I will deliver you and you will honor Me."
Now a man named Lazarus was sick. He was from Bethany, the village of Mary and her sister Martha. This Mary, whose brother Lazarus now lay sick, was the same one who poured perfume on the Lord and wiped His feet with her hair. So the sisters sent word to Jesus, "Lord, the one You love is sick."
When He heard this, Jesus said, "This sickness will not end in death. No, it is for God's glory, so that God may be glorified through it." Jesus loved Martha and her sister and Lazarus. Yet when He heard that Lazarus was sick, He stayed where He was two more days.
Since we spent time with Psalm 50 in Community Group last week, I've been meditating on Psalm 50:15. In the psalm, God speaks against Israel's foolish notion of controlling God through sacrifices. Easy to scoff at, yet I try to do the very same thing in my own idolatrous ways. I want Him to be maneuverable and safe. But God will not settle for some kind of transactional relationship with me.
Verse 15 is the way we will relate, He and I. There will be a day of trouble. It's a given– nonnegotiable. In that day, I will call upon Him. And He will deliver me. This is the truth, God's promise, to be preached to my brethren in encouragement, to myself in faith and hope, and back to Him in prayer.
Lazarus died. Jesus loved Lazarus, loved his sisters. Yet He does not preempt his death, does not avert the day of trouble. Why?
He is wild, only predictable insomuch as He is true to His own word, given for my assurance. He loves me, but I cannot control Him. Indeed, if He does love me, He cannot let me control Him, even if such a thing could ever be. The day of trouble will come, must come, so that I will call on Him, so that He will deliver me, so that I will honor Him. This is how we love one another.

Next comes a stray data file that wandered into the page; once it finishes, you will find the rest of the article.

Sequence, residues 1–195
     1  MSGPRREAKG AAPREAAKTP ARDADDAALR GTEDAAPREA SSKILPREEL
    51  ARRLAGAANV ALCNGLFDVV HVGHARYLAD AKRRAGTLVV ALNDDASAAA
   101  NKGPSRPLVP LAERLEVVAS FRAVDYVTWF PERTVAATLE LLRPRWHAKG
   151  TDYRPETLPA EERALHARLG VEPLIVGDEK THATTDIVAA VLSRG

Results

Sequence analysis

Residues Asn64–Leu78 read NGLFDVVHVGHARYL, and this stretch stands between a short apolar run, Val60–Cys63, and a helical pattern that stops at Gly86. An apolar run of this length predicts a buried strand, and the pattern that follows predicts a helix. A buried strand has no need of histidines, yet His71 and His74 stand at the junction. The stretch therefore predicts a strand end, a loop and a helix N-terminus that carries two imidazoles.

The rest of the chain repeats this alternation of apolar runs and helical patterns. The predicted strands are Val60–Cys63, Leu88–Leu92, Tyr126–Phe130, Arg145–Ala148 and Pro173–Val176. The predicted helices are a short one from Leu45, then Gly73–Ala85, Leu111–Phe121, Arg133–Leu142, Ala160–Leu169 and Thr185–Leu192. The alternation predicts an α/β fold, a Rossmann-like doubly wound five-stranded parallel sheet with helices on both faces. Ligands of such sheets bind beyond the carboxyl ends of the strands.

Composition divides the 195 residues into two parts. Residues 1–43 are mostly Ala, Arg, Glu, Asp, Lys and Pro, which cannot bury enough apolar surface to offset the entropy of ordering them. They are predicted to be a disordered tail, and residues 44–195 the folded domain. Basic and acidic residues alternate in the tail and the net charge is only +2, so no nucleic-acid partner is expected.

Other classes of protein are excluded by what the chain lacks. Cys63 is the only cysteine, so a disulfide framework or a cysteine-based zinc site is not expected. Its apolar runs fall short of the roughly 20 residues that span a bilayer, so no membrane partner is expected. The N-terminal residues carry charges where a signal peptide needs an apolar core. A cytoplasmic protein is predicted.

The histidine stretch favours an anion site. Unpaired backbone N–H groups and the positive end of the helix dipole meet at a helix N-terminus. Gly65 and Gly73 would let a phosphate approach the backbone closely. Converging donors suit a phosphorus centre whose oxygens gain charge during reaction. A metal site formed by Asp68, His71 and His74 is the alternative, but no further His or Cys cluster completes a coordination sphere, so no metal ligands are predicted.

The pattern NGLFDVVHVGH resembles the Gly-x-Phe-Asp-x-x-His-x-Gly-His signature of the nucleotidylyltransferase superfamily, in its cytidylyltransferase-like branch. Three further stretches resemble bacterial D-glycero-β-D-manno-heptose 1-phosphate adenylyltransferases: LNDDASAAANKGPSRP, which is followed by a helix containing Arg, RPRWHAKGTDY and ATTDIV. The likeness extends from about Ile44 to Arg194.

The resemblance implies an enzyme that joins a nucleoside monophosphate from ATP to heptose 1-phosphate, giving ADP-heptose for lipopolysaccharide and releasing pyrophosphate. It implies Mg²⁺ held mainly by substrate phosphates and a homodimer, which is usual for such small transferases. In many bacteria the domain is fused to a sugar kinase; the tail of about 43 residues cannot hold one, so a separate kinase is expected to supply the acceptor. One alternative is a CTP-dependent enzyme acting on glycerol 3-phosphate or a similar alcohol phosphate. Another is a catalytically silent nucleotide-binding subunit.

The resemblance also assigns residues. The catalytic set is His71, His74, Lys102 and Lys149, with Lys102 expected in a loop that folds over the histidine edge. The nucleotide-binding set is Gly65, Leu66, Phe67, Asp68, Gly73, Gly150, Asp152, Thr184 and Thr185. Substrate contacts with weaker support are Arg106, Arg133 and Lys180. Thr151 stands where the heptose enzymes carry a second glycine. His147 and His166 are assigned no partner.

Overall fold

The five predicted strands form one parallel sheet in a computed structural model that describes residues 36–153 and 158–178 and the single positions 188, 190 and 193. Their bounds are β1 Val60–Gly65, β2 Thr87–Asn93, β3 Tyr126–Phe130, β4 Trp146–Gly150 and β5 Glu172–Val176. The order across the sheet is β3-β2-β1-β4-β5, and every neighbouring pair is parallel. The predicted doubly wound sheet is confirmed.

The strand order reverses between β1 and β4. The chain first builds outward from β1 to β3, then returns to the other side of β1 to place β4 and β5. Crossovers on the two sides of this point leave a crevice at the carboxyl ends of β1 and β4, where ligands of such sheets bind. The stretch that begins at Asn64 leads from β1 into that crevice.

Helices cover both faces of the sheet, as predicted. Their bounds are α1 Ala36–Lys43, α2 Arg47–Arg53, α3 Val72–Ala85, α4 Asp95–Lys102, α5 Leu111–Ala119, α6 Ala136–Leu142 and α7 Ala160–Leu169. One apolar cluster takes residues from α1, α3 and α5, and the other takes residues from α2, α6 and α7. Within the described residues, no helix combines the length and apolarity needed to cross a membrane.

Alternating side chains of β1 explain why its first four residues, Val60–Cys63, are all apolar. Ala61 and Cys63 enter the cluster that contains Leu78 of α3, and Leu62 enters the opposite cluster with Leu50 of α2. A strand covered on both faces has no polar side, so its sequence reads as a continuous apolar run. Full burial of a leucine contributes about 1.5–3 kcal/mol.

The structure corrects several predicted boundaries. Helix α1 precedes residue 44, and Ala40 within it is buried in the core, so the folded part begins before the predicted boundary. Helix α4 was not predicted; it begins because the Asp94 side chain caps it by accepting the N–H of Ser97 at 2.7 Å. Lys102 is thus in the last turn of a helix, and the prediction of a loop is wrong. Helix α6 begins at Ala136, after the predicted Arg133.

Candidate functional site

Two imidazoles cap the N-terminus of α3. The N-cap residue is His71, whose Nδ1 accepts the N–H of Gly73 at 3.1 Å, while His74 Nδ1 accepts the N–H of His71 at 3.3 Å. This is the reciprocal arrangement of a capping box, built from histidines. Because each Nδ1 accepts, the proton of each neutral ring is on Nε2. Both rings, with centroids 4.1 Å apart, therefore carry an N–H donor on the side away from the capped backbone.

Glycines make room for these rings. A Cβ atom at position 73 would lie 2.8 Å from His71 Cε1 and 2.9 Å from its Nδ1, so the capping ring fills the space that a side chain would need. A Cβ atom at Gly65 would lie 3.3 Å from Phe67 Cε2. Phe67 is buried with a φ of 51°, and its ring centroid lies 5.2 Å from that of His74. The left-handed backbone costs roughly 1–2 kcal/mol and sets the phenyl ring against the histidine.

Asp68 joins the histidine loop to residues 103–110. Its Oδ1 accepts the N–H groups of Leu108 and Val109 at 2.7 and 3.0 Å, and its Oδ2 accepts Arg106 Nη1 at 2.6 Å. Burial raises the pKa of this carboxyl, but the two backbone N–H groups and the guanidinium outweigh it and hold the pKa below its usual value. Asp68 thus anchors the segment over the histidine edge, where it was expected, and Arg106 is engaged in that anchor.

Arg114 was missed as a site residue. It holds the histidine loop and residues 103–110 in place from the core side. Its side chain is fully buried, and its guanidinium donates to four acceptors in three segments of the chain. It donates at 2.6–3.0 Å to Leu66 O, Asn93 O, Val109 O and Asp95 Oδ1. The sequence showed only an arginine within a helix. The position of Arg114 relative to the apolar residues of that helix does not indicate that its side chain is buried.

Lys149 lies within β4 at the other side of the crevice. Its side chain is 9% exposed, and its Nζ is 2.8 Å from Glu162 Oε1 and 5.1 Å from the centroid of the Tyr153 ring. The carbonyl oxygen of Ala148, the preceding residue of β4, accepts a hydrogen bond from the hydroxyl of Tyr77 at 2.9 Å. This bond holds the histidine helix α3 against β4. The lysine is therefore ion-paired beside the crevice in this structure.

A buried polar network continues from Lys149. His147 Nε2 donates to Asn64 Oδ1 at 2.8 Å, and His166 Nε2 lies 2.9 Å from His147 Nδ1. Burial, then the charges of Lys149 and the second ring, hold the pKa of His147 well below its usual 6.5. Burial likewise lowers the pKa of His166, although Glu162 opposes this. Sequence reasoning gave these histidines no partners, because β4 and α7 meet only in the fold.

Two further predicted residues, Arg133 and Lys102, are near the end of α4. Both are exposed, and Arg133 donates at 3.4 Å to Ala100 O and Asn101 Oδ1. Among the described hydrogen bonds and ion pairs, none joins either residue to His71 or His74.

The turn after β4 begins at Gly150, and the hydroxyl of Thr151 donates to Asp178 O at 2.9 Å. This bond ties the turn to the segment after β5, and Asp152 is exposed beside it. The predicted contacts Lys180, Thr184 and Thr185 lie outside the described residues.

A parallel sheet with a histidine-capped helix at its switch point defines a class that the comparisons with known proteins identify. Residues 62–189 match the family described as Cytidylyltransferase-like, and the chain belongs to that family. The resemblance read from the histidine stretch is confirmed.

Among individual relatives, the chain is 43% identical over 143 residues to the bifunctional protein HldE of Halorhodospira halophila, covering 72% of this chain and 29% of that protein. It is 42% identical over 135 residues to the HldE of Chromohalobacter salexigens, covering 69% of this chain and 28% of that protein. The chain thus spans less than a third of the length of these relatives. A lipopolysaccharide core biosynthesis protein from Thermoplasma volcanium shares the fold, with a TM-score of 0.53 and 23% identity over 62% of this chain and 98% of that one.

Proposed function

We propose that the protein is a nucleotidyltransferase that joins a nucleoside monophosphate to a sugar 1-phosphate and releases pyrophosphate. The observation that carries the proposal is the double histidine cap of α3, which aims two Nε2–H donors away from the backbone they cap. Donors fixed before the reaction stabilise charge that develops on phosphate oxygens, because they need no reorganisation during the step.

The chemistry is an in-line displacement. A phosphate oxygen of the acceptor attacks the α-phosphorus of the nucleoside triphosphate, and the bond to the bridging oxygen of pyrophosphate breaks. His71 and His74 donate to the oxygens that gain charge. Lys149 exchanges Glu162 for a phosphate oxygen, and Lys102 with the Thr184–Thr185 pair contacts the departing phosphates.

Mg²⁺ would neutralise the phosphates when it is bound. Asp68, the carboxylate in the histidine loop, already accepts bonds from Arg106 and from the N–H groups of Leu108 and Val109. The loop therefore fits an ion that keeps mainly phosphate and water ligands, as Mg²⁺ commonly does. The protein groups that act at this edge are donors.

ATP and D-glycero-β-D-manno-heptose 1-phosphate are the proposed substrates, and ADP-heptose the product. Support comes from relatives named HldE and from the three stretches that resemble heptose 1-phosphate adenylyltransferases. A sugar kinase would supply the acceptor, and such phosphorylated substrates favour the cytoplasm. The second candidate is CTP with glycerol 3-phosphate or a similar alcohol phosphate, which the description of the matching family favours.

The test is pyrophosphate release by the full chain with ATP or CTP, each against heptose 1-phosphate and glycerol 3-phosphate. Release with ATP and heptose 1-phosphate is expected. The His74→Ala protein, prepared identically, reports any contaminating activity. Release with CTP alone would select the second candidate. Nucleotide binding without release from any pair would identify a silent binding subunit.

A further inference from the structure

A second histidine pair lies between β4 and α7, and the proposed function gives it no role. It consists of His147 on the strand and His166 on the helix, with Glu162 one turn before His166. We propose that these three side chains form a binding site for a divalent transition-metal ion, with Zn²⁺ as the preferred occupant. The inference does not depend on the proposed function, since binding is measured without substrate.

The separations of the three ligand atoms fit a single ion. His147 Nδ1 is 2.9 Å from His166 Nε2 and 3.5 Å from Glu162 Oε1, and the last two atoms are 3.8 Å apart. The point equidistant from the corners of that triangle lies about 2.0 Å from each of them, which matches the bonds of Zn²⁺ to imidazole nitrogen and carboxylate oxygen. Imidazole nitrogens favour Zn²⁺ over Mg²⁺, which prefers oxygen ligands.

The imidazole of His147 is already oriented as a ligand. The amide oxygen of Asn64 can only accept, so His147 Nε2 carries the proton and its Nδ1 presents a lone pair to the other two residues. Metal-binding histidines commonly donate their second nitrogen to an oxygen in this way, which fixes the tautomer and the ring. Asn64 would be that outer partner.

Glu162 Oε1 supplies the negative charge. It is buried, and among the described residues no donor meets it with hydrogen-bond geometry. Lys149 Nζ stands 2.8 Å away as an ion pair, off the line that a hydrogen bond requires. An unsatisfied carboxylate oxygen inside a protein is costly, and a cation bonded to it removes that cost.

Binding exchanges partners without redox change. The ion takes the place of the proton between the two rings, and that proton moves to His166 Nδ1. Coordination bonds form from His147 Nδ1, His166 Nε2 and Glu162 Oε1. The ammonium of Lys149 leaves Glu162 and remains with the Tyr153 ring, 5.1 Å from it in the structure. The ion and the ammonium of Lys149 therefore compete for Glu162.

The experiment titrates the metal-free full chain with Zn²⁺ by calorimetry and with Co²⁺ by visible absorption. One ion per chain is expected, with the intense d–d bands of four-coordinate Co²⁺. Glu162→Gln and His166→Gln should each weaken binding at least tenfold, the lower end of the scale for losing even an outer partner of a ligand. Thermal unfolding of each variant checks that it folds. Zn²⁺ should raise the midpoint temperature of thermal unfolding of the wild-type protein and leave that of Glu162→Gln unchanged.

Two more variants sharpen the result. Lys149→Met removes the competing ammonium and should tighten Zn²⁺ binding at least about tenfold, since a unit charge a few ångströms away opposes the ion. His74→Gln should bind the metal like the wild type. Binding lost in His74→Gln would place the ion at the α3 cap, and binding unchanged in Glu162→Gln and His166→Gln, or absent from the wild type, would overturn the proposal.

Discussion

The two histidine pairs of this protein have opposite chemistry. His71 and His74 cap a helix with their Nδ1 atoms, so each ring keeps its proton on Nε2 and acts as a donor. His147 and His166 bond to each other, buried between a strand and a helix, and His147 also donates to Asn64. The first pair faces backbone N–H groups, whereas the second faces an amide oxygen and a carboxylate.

It is not wrong for me to pray for deliverance. Quite the opposite– it is required. It is how the activity of my loving Him begins to express itself, in need. I will call on Him in the day of trouble. But He is not unfaithful to me by not keeping me from suffering. Indeed, if He loves me, I will suffer. But only for a time, and only for His glory. He will deliver me and I will honor Him.
Lazarus' time was four days in the grave. There was no uncertainty in the outcome for Jesus. His friend would live by His power, for the glory of God. Yet His peace does not look like the peace Christians often try to sell ourselves in the midst of suffering. He does not enter this moment two days later with a beatific, vacuous smile and a pocketful of Scripture to toss about. He is present. His faith is truer, deeper, richer, fuller than anything I can imagine, yet He enters into suffering rather than sidestepping it. He is fully human and fully God.